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Pipkin's Progress

Thought shall be greater, heart the keener,
courage the greater, as our might lessens.
(Anon., The Battle of Maldon)

Page numbers vary by editions - I'm using the 1974 Penguin edition here, which is probably the best known - so I'll also include chapter references.

Pipkin - Hlao-roo in Lapine, the "-roo" being a diminutive suffix here used affectionately - is a rather overlooked character, it seems to me. He's not the only rabbit to develop and change, of course, but the very fact that he does so largely in the background is what makes it most interesting. We first meet Pipkin in ch. 4 (p. 29), where he is introduced as "a friend of Fiver ... small, and inclined to be timid". Hazel and Fiver had spent some time persuading him to leave (which in itself suggests that they thought he would be worth having), and felt "extremely nervous", deciding to "keep close to Hazel and do exactly what he said". His next important appearance is at the river crossing (ch. 8), where he is clearly almost tharn and has to be "bullied" onto the makeshift raft by Blackberry. In ch. 9 he is clearly limping from the thorn in his foot, yet does not complain and bears it as best he can until Hazel removes it. (Echoes of the mouse and the lion here.)

So far, so ordinary, but in ch. 14 (p. 91), it is Pipkin who comments that Cowslip and his fellow rabbits are "like trees in November", and who offers the opinion that, despite their size and shining coats, "I don't believe they can fight". "You notice a lot, don't you Hlao-roo?" responds Hazel, but nothing more is made of it. This is a piece of wild speculation, but I sometimes wonder whether Pipkin might just have a very faint version of Fiver's intuition. And - another vague clue? - they are the only two rabbits who are given the "-roo" suffix.

Bravery in adversity is first noticeable in the following chapter, where he sheds blood in the - ultimately successful - rescue effort for Bigwig. He is also starting to risk the occasional lone foray outside, as when he comes to find Hazel and Bigwig in the ditch where Holly and Bluebell are found (ch. 18, p. 149). "You stood by me at the river, so I thought I'd come and look for you, Hazel", says Pipkin with the loyalty that is second-nature to him. (Note that even Pipkin is not yet using "Hazel-rah" - Strawberry, in ch. 20, seems to be the first to do so as a matter of course.) Pipkin seems to have a lot of pride in being a useful member of the warren, and would surely have been pleased to hear Dandelion praise him as "first-rate" (ch. 20, p.154) in keeping the recovering Holly talking to avoid his going to sleep and suffering nightmares. Indeed, once the Warren of Shining Wires has been escaped, the party "had become closer together, relying on and valuing each other's capacities" - there's no question now of anyone merely making up the numbers.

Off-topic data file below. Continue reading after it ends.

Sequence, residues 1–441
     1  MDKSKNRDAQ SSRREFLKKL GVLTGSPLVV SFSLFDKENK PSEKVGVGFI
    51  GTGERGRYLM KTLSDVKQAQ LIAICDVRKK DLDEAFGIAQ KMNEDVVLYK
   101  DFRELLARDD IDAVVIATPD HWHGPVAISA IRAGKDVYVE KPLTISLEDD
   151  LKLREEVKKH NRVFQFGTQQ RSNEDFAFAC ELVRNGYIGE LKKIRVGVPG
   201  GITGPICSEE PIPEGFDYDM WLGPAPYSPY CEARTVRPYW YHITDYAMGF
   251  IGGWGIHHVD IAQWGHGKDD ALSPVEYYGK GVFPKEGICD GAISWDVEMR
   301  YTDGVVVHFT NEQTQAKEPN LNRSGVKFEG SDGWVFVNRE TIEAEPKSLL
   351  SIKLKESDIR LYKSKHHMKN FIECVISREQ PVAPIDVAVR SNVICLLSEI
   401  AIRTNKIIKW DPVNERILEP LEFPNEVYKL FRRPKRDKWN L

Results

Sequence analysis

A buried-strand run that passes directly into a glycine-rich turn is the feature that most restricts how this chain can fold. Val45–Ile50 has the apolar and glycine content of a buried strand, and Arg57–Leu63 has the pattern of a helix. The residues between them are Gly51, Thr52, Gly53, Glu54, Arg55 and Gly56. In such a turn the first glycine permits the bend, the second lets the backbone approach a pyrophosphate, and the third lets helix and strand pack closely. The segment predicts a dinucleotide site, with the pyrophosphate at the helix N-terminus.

Of course, Pipkin is still timid in other ways - Holly's story of the Sandleford Warren's destruction in ch. 21 causes him to shudder, cry and tremble piteously (p. 161), though other rabbits are equally deeply affected. Later on, during the story of El-Ahrairah and the Black Rabbit of Inlé (ch. 31, p. 278), he confesses to Hazel that "I don't like this story. I know I'm not brave", just in time to go out (with Fiver - see above for the significance of this) and save the rabbits from the fox which does for Efrafa's Captain Mallow. Actually, I think Pipkin is putting himself down rather in the latter case, as by this time he has already participated in a dangerous, and nearly disastrous, adventure - the raid on Nuthanger Farm. The film of Watership Down rather overdoes Pipkin's terror if you ask me - in the book (ch. 24) he's very nervous, but by no means a gibbering wreck. And by the time of Bigwig's mission to Efrafa, Pipkin has clearly found new reserves of courage: when Hazel says (ch. 37, p. 347) "if he [Bigwig] doesn't come tomorrow, I'm going into Efrafa myself", Pipkin's immediate response is "I'll come with you, Hazel-rah". It might be that his terror of losing Hazel exceeds even that of going into Efrafa, but I don't think so - I think it's real bravery.

Finally, we come to ch. 46, in the midst of the Efrafans' final assault on the Honeycomb. Fiver is lying inert and cold in the middle of the floor, and Pipkin is desperate to rescue him. "Oh Bigwig," cries Pipkin (p. 446), "let me stay out there with him! you'll never miss me, and I can go on trying-". Although Bigwig and Silver refuse to contenance this plan on the grounds, as Holly says, that "if we lose no one but Fiver ... the Lord Frith himself will be fighting for us", it illustrates just how much courage Pipkin does have - it is quite clear that he is prepared to die a horrible death at the claws of Woundwort and his cronies on the off-chance that he might be able to rescue a friend. Hlao-roo, we honour your name.